A mandatory provision in a statute is one, the omission to follow which renders the proceeding to which it relates illegal and void, while a directory provision is one the observance of which is not necessary to the validity of the proceeding. Whether a particular statute is mandatory or directory does not depend upon its form, but upon the intention of the legislature, to be ascertained from a consideration of the entire act, its nature, its object, and the consequences that would result from construing it one way or the other.

Just because the word "shall" appears in a statute does not automatically render the same to be mandatory. Such a mechanical construction will ignore the principle mentioned in County of Maui v. do Rego, supra. To thus construe this statute as mandatory, rather than directory, would render the petition for amendment of boundary filed with appellee, L.U.C., by Mr. Yagi null and void after 90 days from the public hearing. There is nothing expressly stated in HRS § 205-4, that such would be the consequence of a petition for amendment after 90th day from the public hearing, or that the appellee, L.U.C., after such last day would not be able to act on the petition. The failure on the part of appellee, L.U.C., to act on the petition within the period of 45 days as provided in HRS § 205-4, would not injuriously affect any one, and in this case no one has been adversely affected because appellee, L.U.C., acted on the petition after 90 days from the date of hearing, other than Mr. Yagi and appellees, Mr. Fong and Mr. Fujimoto, who requested the appellee, L.U.C., for the delay.

Many judicial authorities hold that statutory provisions concerning the precise time when a thing has to be done are not regarded as of the essence, but are regarded as directory, and this viewpoint is especially pertinent where a statute fixes a time simply for convenience or orderly procedure, and this rule applies to statutes which direct the doing of a thing within a certain time without any negative words restraining the doing of it afterward. Winslow v. Zoning Board of City of Stamford, 143 Conn. 381, 122 A.2d 789 (1956); Brenner v. Bruckman, 253 App.Div. 607, 3 N.Y.S.2d 265 (1938); Vol. 1A Sands Sutherland *94 on Statutory Construction, § 25:03, at p. 300 (1972); 73 Am.Jur.2d, Statutes, § 18.

I do not believe that the principle announced in Hawaii Corporation v. Kim, 53 Haw. 659, 500 P.2d 1165 (1972), should control the interpretation of HRS § 205-4, since in Hawaii Corporation v. Kim, supra, we were then concerned with the statute on the expenditure of public funds. There we properly held that HRS § 103-25 in plain and unambiguous language requires a prospective bidder, as a condition precedent to submit a bid, must first give written notice of his intention to bid to the officer charged with letting a public contract, at least six days before the date designated for the opening of bids, and that the time requirement was mandatory. Territory v. Fasi, 40 Haw. 478 (1954), is also irrelevant here since the time element was essential to the imposition of a criminal penalty.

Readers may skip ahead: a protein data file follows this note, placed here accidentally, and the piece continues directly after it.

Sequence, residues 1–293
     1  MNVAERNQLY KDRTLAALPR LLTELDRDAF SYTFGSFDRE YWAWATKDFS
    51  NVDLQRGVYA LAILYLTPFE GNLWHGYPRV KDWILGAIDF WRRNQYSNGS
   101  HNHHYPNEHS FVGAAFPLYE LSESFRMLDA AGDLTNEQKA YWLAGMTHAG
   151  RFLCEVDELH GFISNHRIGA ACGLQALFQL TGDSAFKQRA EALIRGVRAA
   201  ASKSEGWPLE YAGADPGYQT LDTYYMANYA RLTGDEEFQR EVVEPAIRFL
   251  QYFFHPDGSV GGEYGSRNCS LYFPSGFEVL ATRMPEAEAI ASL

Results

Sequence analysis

The majority does not expressly indicate the consequences of its holding, but from the oral arguments on this case, it would seem that the only remedy available to the appellees, landowners, would be to file another petition with appellee, L.U.C., or they would be without any remedy. Such a nonsensical procedural requirement would not solve anything, since the appellee, L.U.C., may, and it can still, engage in the same kind of delay by withholding final decision on the second petition until it, too, becomes null and void, and this process can go on indefinitely. I would therefore hold that the time limitation set forth in HRS §§ 205-3 and 205-4 is directory, and not mandatory. If for any reason, the appellee, L.U.C., fails or neglects to act on any matter concerning the adoption of district boundaries, or the amendment in the boundary of any district, within the 90 day limit provided in these sections, then such non action would give rise to an appropriate legal remedy to any person who may be aggrieved.

The majority makes much of the request by Mr. Yagi to appellee, L.U.C., that it defer action on the Yagi petition at its meeting held on Molokai on October 8, 1971, six days before the expiration of the 90 day limitation prescribed in HRS § 205-4. The records of appellee, L.U.C., show that although Mr. Yagi did in fact make such a request to appellee, L.U.C., that such a request resulted only after a telephone call had been made to Mr. Yagi by the executive secretary of appellee, L.U.C., explaining to him that there would be only six members of the appellee, L.U.C., attending the Molokai meeting, and that Mr. Tanji Yamamura, a member of appellee, L.U.C., attending that meeting would be disqualified to participate on Mr. Yagi's petition. Under such a circumstance, appellee, L.U.C., would be unable to act on the petition for amendment in the boundary as requested by Mr. Yagi, on Molokai on October 8, 1971, since under HRS § 205-4, six affirmative votes are required to favorably act on such a petition. The minutes of the meeting of appellee, L.U.C., confirm that only six members of the commission were present at the Molokai meeting on October 8, 1971, and that one of such members, Mr. Tanji Yamamura, was disqualified to act on Mr. Yagi's petition. Having received this message from the executive secretary of appellee, L.U.C., Mr. Yagi's only choice was to ask the appellee, L.U.C., for an extension of time prior to the expiration of 90th day, in order to give the appellee, L.U.C., more time because of the lack of requisite members. There was, of course, another postponement by appellee, L.U.C., in rendering a decision on this petition at its meeting in Honolulu on November 11, 1971, at the request of Mr. Yagi, but this second postponement occurred only after the 90th day time limitation had already expired as a result of the first postponement. A decision by appellee, L.U.C., could have been rendered on Molokai on October 8, 1971, well within 90 days from the public hearing, but for the lack of membership on the commission.